Displaying articles for: 03-25-2012 - 03-31-2012
Mastercard / Visa confirm credit card theft described as ‘massive’
If you thought we might be past the monster data breachesof 2011, think again.
Four unanswered questions about cyber security bills
Four very good questions especially, [for the purposes of this legislation] 'what exactly is a cyber security threat'?
Twitter take Tweetdeck offline due to vulnerability
Vetting the security of cloud providers
69% of cloud providers place responsibility for security with customers, only 35% of customers think they are responsible for security. Houston, we have a problem.
China hacked RSA
Not surprised at the disclosure, but it does seem that the timing of the disclosure has a political purpose
CIA Chief: We will spy on you through your TV
Great news, soon the CIA will be able to listen in through your household applicances
Online voting is ‘premature’
"...especially when voting systems are connected to the Internet".
Australia's Huawei contract ban stokes fears of a cyber cold war
Banning export of equiment that might contain embedded malware doesn't seem like 'cold war' to me. What do you think?
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Open source libraries propagate security flaws
Are you using open source code?
Data breach lawsuits less likely in hacks
Good to know you are less likely to get sued if your organization making every effort to protect customer data
GAO: IT supply chain weak at most federal agencies
Is the IT supply chain in your organization secure?
NDP voting disruption deliberate, hard to track
Distributed denial of service attacks disrupts online voting -- cyber activism or hacktivists?
Small merchants have increasingly become targets for hackers. Small business is the lifeblood of our economy so it should be no surprise that these companies process and store significant amounts of sensitive customer data such as credit card information. These merchants are a virtual treasure trove for hackers because of the relative ease that is required for cybercriminals to steal that data.
That’s a polite and roundabout way of saying that most small businesses that deal with confidential customer information are simply not very secure. They don’t have basic controls in place such as restricting employee access to sensitive information, installing firewalls, using current anti-virus programs or keeping other systems and programs secure and up-to-date. This is a very serious problem that costs merchants, credit card companies and, ultimately, customers millions of dollars each year.
When taken in isolation, any one of these basic controls don’t seem like they would make a big difference in the grand scheme of securing your business. The reality though, is that all it takes is for a hacker to find one small vulnerability to penetrate your network and gain unrestricted access to valuable information. It could be as simple as out-of-date antivirus definitions that don’t catch an email that contains malware (short for malicious software) and you or one of your employees clicks on it. There are a million ways hackers can breach your network, and most of them can be prevented with a simple, easy and low cost network security scan.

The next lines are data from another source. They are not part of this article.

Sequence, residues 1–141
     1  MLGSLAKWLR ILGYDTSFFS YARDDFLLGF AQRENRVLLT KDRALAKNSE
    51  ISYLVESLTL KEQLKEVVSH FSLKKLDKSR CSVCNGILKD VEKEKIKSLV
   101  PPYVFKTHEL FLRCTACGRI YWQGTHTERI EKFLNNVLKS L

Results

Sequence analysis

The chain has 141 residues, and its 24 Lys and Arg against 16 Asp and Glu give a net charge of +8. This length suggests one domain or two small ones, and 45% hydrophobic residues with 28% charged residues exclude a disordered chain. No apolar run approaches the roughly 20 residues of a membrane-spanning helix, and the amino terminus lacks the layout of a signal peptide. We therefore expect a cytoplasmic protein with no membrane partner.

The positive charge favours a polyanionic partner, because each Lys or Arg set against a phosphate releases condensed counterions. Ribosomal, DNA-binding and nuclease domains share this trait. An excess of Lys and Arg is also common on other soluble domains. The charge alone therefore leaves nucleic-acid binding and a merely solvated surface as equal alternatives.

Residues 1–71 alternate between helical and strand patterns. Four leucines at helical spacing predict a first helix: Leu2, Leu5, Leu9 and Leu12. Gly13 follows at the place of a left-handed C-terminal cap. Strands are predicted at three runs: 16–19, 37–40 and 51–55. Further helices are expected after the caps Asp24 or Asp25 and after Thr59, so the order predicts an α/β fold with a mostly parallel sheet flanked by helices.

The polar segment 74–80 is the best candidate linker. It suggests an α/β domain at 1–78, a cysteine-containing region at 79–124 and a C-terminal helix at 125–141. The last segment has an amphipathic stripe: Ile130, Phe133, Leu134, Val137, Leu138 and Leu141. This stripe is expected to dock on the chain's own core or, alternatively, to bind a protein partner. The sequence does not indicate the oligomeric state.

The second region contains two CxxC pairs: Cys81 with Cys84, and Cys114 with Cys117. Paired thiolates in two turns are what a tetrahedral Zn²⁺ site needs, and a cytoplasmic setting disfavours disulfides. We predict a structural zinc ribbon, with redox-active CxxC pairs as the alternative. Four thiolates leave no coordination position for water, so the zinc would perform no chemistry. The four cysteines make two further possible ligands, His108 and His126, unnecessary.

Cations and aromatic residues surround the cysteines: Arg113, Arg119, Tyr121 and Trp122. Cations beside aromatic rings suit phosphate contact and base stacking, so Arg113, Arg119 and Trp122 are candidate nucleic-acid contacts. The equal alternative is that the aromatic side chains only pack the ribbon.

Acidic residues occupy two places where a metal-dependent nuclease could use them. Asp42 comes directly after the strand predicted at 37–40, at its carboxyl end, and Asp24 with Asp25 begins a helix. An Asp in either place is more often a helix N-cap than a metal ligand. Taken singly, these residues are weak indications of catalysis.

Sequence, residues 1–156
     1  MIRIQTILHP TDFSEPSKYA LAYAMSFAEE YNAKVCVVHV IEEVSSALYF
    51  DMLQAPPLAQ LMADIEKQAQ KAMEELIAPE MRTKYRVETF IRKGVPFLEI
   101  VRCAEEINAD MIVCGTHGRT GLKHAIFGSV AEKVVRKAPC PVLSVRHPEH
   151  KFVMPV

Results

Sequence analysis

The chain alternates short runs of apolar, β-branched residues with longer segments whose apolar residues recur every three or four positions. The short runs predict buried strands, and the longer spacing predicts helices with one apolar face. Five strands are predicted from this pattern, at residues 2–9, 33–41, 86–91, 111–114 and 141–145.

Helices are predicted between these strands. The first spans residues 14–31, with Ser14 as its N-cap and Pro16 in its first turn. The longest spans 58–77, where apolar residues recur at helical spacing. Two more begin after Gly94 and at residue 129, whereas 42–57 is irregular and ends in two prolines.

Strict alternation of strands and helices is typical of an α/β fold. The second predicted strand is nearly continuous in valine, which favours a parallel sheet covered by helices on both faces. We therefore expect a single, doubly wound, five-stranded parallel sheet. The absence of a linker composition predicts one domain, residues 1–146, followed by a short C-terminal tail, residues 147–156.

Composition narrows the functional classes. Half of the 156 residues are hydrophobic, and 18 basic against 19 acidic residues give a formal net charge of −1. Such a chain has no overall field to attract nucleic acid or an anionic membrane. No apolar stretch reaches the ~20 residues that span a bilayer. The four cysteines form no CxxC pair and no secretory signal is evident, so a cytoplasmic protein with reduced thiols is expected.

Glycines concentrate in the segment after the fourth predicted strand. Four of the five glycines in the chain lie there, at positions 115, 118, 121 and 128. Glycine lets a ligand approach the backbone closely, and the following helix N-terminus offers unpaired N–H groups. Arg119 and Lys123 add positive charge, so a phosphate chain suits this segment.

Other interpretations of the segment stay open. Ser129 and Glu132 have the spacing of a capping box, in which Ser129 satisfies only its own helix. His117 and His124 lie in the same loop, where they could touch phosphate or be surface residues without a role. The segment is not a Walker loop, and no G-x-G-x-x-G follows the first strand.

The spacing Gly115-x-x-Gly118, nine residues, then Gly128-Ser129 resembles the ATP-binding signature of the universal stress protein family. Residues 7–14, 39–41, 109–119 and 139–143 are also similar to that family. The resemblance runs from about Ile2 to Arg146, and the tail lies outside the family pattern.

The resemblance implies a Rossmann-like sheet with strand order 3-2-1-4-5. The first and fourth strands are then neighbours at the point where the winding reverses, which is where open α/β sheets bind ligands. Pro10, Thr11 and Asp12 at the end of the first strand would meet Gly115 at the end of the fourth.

The effects of a data breach can be enormous and a breach that leads to the exploitation of customer data would most likely spell the end of any small business unlucky enough to be hacked. In fact, I would venture to say most small business owners don’t really understand their legal exposure as it relates to a data breach of customer credit card data on their network. Merchants are subject to fines should a breach event occur on their network. If cardholder data you are responsible for is compromised legal liabilities can include:
- Potential fines of up to $500,000
- All fraud losses incurred from the use of the compromised account numbers from the date of compromise forward.
- Cost of re-issuing cards associated with the compromise
- Cost of any additional fraud prevention/detection activities required by the card associations (i.e. a forensic audit) or costs incurred by credit card issuers associated with the compromise (i.e. additional monitoring of system for fraudulent activity)
The good news is that most of these data breaches and subsequent penalties can be prevented. A network security scan will check all devices on your network to identify vulnerabilities in operating systems and applications that could be exploited by hackers to gain access to your company's private network. Not all merchants are required to conduct a network security scan as part of their compliance efforts or in some cases need only to “check the box” on the form to attest that they did, but this is a mistake.
Don’t put yourself or your business at risk. Even if you are not required to, a small upfront investment to scan your network could literally save your business. Don’t just check the “network scan” box!
Been reading the recent news articles about the FTC's push for voluntary support for their Privacy Bill of rights? Listen to Episode 29 of our Security Slice podcast and hear Tim 'TK' Keanini, Lamar Bailey and Tim Erlin discuss the limitations of the FTC's current proposal and discuss their thoughts on options that would be better for consumers.
FTP: ubiquitous and dangerously non-compliant
FTP poses compliance problems for GRC auditors, are you still using it?
PwC: Cybercime threat to financial services is increasing
Cyber crime is more than twice as common at financial services companies -- no surprise there. I did find it surprising that 29% of financial services survey respondents said they hadn't received security training
LulzSec and LulzSec reborn hacks military dating site
They're back. Or they never left.
FTC steps up pressure with online privacy report
The FTC seems to be getting more serious about consumer privacy. Think it will make any difference?